32. I Won’t Let You Down (0:52): Music starts as we see a flashback of Katya and Barley on the rooftop, just before the line ‘I love you and I won’t let you down’. The Katya string motif and the Barley motif on sax are scored as we see the scene of Barley entering the KGB building, with strings, piano and percussion. The cue ends on a cut back to Ned and Walter on a sustained cello chord. The film then cuts to Barley decorating his Lisbon flat and talking to Ned.
33. The Family Arrives (6:13): Music starts on a shot of Ned and Barley standing at a window overlooking Lisbon and the harbour. We hear a bluesy version of the Barley motif on sax with piano and bass and see shots of Lisbon. John Le Carré’s novel ended with Barley back in his apartment in Lisbon, hoping that Katya and her family will come to live with him there. But the film tacks on a Hollywood happy ending but it does not feel contrived in the slightest. The strings lead into a sax rendition of the love theme as Barley races to the docks as a ship arrives carrying Katya,Uncle Matvey and Sergey and Anna, which leads to a slow motion reunion and the end credits (and the audience gets all teary-eyed, at least I did!). The end credits contain shots of Moscow and a cue consisting of improvisation of the Love theme, the Suspense motif, and also the Barley motif, but surprisingly not Dante’s. In the film, the cue tails out, but the album cue continues for another 43 seconds and to a proper conclusion.
This ending was handled in a great way and although one hears the actors’ voices, they are slowly replaced by the scoring and a cathartic point in the music is reached, as the film’s end credits roll. Branford Marsalis, Mike Lang and John Pattituci were given their heads with improvising around Jerry’s tune. A perfect end what is for me, a near- perfect film and album.
I say near-perfect, as Stoppard’s screenplay is marred by unnecessary profanity and in one instance, a very offensive (to me) conjoined phrase using Jesus’ name and the F word. The one love scene between Connery’s and Pfeiffer’s characters is treated in what could be termed an ‘old fashioned way’, where the film cuts to a later scene as Blair takes Katya in his arms. So if they’d ditched the bad language, it would have improved the film.
The Soundtrack Album
Whilst it is generally acknowledged by many (including Goldsmith himself) that The Russia House soundtrack album is too long (and I can see the logic in this, due to the repetitive nature of much of the suspense music), I feel that the inclusion of the remaining underscore cues (six in all) on a prospective reissue would reinforce the music’s validity. Some of these non-album cues incorporated more of the ethnic feel present in the score, such as Cue 29 (Katya Buys Flowers). Cue 7 (No Such Luck) begs inclusion despite its brief (35 seconds) running time. The album features a setting of the love theme to the lyrics of Alan & Marilyn Bergman (oft-collaborators with Michel Legrand and Marvin Hamlisch) and sung by Patti Austin with Branford Marsalis on soprano sax, which was not featured in the film. A pity it couldn’t have been factored in somewhere. The love theme was reworked into an emotive concert version with oboes and violin replacing the saxophone. This is available on the Silva Screen compilation The Omen: The Essential Jerry Goldsmith Film Music Collection and also on the Telarc CD The Film Music Of Jerry Goldsmith. The Silva version with the City of Prague Orchestra is in my opinion, better than Goldsmith’s own take on the concert version, with the London Symphony Orchestra. Another version with mute trumpet can be heard on the CD Body Heat: Jazz at the Movies on the Discovery label, as well as the aforementioned Babs Streisand vocal on the album What Matters Most, on the Columbia label.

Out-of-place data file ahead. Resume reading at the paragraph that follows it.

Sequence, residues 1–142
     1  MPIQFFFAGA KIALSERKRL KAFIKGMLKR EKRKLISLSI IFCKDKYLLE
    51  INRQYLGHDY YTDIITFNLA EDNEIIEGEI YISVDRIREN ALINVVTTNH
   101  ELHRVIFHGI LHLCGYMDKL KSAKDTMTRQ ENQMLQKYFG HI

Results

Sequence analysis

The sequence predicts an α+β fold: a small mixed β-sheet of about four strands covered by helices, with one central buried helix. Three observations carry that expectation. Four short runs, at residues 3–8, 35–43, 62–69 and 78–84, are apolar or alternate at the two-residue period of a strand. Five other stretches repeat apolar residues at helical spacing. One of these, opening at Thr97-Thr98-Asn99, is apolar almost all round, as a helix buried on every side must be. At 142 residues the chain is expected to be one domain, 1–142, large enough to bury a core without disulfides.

In the final analysis, the film succeeds, and this is due in no small part to the two lead performers but let us not forget the rest of the cast and crew. The Russia House is superior to the novel from which it was derived – surprising, as in most cases it is the opposite. I consider Connery’s performance in the film to be the best of his career.
The film heralded a major phase of Jerry Goldsmith’s career, encompassing ‘people pictures’ (the composer’s own wording) such as Love Field, Not Without My Daughter, and Ruy. But Goldsmith would return to the action genre with excellent scores for First Knight, Congo and The Ghost and the Darkness but in a more streamlined sense than his seventies and eighties works.
The Schepisi/Goldsmith collaboration deserves to become as famous as the work for Franklin J. Schaffner. The work for Schepisi covered The Russia House, Mr Baseball (an underrated comedy and score), Six Degrees of Separation, the troubled Fierce Creatures and IQ and it is such a shame that their work together was cut short by Jerry Goldsmith’s demise. The composer had been tapped to score Schepisi’s TV Empire Falls but scoring duties were subsequently handed to Paul Grabowsky. This author would have loved to hear what he would have come up with for say Schepisi’s Last Orders, although the score by Grabowsky, featuring a small ensemble and highlighting bass clarinet, was eminently suitable for that film and a fine listen on its own.
One last thing; around the time of The Russia House, Goldsmith, who had a full head of white hair (probably from scoring all those scary movies like Alien and Poltergeist!), began sporting a ponytail and when Sean Connery saw Goldsmith, he exclaimed ‘I want your hair!’ So in Connery’s – and Goldsmith’s – next picture, Medicine Man, there was Connery’s character with white hair and a ponytail!